QW: What was your first experience at Speed Week like?
JG: It was in 2008 and everything went very well, which owed a lot to the S4’s all-wheel drive stability and reliability. A lot of cars that run these events require a lot of going over in the paddock between runs and we were able to just put the Audi back in the staging line, check fluid levels, re-ice the inter-cooler tank and make the next run.
Probably the biggest challenge for me, as the driver, was just getting used to trying to monitor the gages as deeply into the run as possible and make sure to keep the car straight on the relatively slippery salt surface. On one of my early runs I got into the throttle to heavily in forth gear and the car lit up all for tires and moved from center to right then back to left and back to center. You have to keep all your driving inputs very smooth, and, with the steering, as small as possible to avoid upsetting the car, especially over about 190MPH.
The biggest single issue is learning how much throttle to leave applied as you “drive into the parachute”, getting used to how hard the chute hits the car over 200 and then letting the car do all it’s sashaying back and forth while avoiding the urge to counter-steer as it settles down.
QW: At what point did you decide that you wanted to race at Speed Week? And how on earth did you convince your wife?
JG: I drove down the salt in the summer of 1970 with my family in my Dad’s 1966 Chevy Caprice when we were on a western vacation together. I said to myself “some day I will come back and race here”. Years passed with life’s everyday responsibilities taking priority. Then in 06, I think it was, Linda and I went to see “Worlds Fastest Indian” with Anthony Hopkins, my favorite living actor. Hopkins portrayal of the real life Burt Munroe and his epic struggle to get from New Zealand to the Salt Flats so inspired me that I began planning the project in my mind on the drive home from the theater. I told myself if Burt Monroe can get to Bonneville from New Freaking Zealand, I can by God get there from Kansas City Mo.!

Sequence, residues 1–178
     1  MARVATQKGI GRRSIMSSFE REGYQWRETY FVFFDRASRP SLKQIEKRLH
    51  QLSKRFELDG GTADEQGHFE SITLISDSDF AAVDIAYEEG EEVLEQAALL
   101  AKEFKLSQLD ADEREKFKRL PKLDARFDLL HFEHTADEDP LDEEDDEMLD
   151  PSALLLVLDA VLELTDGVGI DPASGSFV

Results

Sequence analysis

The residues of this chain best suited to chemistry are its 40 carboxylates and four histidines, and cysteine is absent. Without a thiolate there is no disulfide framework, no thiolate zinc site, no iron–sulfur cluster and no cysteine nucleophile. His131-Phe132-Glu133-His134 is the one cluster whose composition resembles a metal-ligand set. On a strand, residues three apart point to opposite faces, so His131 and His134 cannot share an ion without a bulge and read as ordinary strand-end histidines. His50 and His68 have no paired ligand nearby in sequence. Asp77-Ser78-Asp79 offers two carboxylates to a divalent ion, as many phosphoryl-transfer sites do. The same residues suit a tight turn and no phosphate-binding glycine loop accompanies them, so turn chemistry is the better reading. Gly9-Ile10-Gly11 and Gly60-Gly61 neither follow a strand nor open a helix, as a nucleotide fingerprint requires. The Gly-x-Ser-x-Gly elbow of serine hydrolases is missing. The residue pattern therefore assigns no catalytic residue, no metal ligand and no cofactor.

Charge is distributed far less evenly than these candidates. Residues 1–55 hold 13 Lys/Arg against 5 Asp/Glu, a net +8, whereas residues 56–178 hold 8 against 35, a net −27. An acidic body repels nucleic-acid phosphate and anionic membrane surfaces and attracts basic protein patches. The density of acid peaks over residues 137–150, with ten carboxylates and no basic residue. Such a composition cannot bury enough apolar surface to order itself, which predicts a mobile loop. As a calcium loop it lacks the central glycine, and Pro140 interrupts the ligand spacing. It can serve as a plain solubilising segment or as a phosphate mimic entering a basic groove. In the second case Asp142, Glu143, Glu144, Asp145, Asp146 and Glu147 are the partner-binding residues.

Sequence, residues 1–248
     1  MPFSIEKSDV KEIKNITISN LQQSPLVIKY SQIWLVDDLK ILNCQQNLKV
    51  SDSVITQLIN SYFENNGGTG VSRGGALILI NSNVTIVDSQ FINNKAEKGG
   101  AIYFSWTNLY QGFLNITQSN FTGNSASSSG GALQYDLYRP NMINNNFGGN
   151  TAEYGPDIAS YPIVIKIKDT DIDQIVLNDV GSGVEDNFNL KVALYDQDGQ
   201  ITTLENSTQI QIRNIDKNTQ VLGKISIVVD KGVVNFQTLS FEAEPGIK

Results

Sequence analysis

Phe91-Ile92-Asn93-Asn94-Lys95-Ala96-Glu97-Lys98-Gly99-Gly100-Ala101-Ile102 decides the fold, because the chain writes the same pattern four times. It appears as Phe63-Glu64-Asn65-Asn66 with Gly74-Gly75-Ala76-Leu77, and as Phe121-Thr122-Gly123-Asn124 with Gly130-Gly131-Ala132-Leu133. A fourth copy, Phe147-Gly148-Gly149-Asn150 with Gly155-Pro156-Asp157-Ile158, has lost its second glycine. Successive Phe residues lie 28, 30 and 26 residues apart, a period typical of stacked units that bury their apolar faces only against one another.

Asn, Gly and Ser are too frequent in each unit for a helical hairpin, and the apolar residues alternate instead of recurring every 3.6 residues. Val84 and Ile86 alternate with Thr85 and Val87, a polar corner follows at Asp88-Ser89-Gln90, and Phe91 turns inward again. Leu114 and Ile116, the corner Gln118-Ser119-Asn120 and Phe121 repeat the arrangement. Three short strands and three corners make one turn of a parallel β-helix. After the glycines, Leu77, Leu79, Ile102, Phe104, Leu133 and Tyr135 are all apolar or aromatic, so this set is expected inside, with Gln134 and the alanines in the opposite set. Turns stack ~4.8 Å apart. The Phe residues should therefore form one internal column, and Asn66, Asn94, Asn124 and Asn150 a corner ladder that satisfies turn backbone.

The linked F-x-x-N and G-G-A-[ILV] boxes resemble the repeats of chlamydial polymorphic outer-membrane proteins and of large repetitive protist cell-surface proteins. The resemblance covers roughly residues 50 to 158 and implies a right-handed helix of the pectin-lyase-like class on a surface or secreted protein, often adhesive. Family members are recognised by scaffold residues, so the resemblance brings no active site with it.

As far as convincing Linda, who is by nature, risk averse, I just told her that I had no death wish and that I would select a vehicle that would be very safe, as safe as possible, in the extreme high speed environment. Linda being my biggest and most important supporter said “OK you better get to it’!
QW: Why did you choose an Audi? And why the 1992 Audi S4 specifically?
JG: Well that part could not have been easier. My daily driver was, is, a pristine black on black 1994 Audi S4 that has been upgraded with the usual engine and suspension upgrades and had a top speed of about 160 MPH. Just don’t ask when or where, but suffice to say that it felt very stable to me at speed and I knew with it’s exceptional factory coefficient of drag numbers, autobahn tuned body shape and a relatively long wheel base that it should be ideal for Bonneville.